16 February 2016
Academy coach Paul Hodgson insists his side’s success was a ‘collective’ effort following Monday’s 35-11 triumph over Gloucester Rugby at Allianz Park.
Exiles stalwart Hodgson, 33, who spent eight seasons as a player at Irish, utilised the full range of his squad during a campaign which bore fruit from start to finish.
“It was a collective effort,” said Hodgson, who could not hide his delight as skipper Matt Kouris lifted the trophy.
“It was really important for us as a squad – including the players who didn’t feature in the final. Those guys contributed not just in the other games, but also in training.
“We pick from a squad of 37/38 and every single one of those boys has contributed. It’s our gold group at the academy and they have been an absolute pleasure to coach this year,” added Hodgson.
The Irish fledglings put Gloucester to the sword with a clinical display, befitting of a side that won six out of six games in the Southern Conference on their way to the showpiece.
Showcasing their predatory instincts with ball in hand, coupled with a steely defensive resistance, Irish looked good value for their Premiership crown according to Hodgson.
He said: “I’m extremely happy to say the least – I just thought the performance there in the final was as pleasing as the result. We made a promise to ourselves that we would continue doing what we have done in the previous six games, which is expressing ourselves.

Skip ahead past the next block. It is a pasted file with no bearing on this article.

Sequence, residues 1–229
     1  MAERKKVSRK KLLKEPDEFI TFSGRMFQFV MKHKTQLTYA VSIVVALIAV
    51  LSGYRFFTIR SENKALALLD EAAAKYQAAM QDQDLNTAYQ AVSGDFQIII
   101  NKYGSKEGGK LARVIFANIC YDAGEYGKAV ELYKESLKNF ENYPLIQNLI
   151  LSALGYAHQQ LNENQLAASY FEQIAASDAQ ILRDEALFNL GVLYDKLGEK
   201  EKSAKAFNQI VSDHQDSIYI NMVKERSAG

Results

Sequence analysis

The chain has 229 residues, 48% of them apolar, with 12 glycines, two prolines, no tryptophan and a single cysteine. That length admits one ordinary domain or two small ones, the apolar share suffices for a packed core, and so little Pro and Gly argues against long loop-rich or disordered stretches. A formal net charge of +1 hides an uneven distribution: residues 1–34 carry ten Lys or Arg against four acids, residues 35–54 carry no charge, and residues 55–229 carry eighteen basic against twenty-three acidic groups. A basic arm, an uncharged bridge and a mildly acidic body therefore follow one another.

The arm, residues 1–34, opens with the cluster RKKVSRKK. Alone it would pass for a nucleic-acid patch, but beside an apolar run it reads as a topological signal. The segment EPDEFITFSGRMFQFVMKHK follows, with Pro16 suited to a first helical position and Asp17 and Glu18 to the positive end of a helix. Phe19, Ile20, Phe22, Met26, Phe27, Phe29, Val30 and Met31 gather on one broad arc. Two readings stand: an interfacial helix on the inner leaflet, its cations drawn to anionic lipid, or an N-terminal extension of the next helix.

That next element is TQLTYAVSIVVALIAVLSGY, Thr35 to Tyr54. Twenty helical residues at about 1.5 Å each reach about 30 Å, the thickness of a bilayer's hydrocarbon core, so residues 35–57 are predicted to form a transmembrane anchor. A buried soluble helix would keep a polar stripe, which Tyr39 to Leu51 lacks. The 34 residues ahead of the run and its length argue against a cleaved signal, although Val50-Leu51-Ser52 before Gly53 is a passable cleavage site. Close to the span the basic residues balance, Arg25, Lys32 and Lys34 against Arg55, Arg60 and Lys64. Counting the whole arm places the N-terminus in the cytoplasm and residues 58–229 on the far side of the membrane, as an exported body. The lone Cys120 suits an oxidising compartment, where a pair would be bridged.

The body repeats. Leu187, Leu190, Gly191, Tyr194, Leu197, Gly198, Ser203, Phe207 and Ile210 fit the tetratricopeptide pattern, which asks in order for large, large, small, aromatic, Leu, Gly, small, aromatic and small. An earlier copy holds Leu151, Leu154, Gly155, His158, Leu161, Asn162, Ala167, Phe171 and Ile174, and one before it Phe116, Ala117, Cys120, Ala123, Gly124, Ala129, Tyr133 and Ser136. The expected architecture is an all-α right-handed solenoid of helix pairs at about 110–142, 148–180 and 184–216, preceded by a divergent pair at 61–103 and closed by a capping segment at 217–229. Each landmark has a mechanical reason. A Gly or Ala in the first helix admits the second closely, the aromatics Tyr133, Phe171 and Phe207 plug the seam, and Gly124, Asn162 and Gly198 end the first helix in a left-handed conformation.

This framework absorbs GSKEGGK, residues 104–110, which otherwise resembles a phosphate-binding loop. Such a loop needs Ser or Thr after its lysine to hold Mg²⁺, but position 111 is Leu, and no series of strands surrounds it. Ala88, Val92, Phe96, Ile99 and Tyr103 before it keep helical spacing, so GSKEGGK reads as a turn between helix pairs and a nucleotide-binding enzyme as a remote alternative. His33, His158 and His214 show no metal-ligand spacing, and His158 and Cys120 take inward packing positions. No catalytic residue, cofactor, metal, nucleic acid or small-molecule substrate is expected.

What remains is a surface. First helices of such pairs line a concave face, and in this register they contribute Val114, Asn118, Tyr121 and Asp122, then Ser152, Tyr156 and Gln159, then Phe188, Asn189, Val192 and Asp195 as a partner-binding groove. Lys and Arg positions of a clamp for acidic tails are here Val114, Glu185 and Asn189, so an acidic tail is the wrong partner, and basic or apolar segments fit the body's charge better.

“We try and make the environment of the boys’ practice in training as enjoyable as possible and hopefully you saw that out on the pitch. Seeing them going out onto the pitch and enjoying their rugby, which is fundamental for us.
“We play a lot of game-sense, small-sided conditioning games and I think that came across. We play at such a quick tempo and can move the ball from the breakdown quickly, so the defence can’t react quick enough – it served us well.”
Paying tribute to the hierarchy for their time and investment into the Academy, Hodgson said: “Testament to Mick Crossan and the other owners of the club, alongside Bob Casey right at the top. We’ve got them to thank because they have really started to invest again in that academy structure.
“When myself, Nick Kennedy and Declan Danaher came back to the club 18 months ago, this was the type of day we wanted to be part of.
“Our first team coaches really believe in the youth and we have had some of these players training alongside the first team, just to try and develop a clear transition. At other club’s you may not see that, but at London Irish there is a clear pathway.”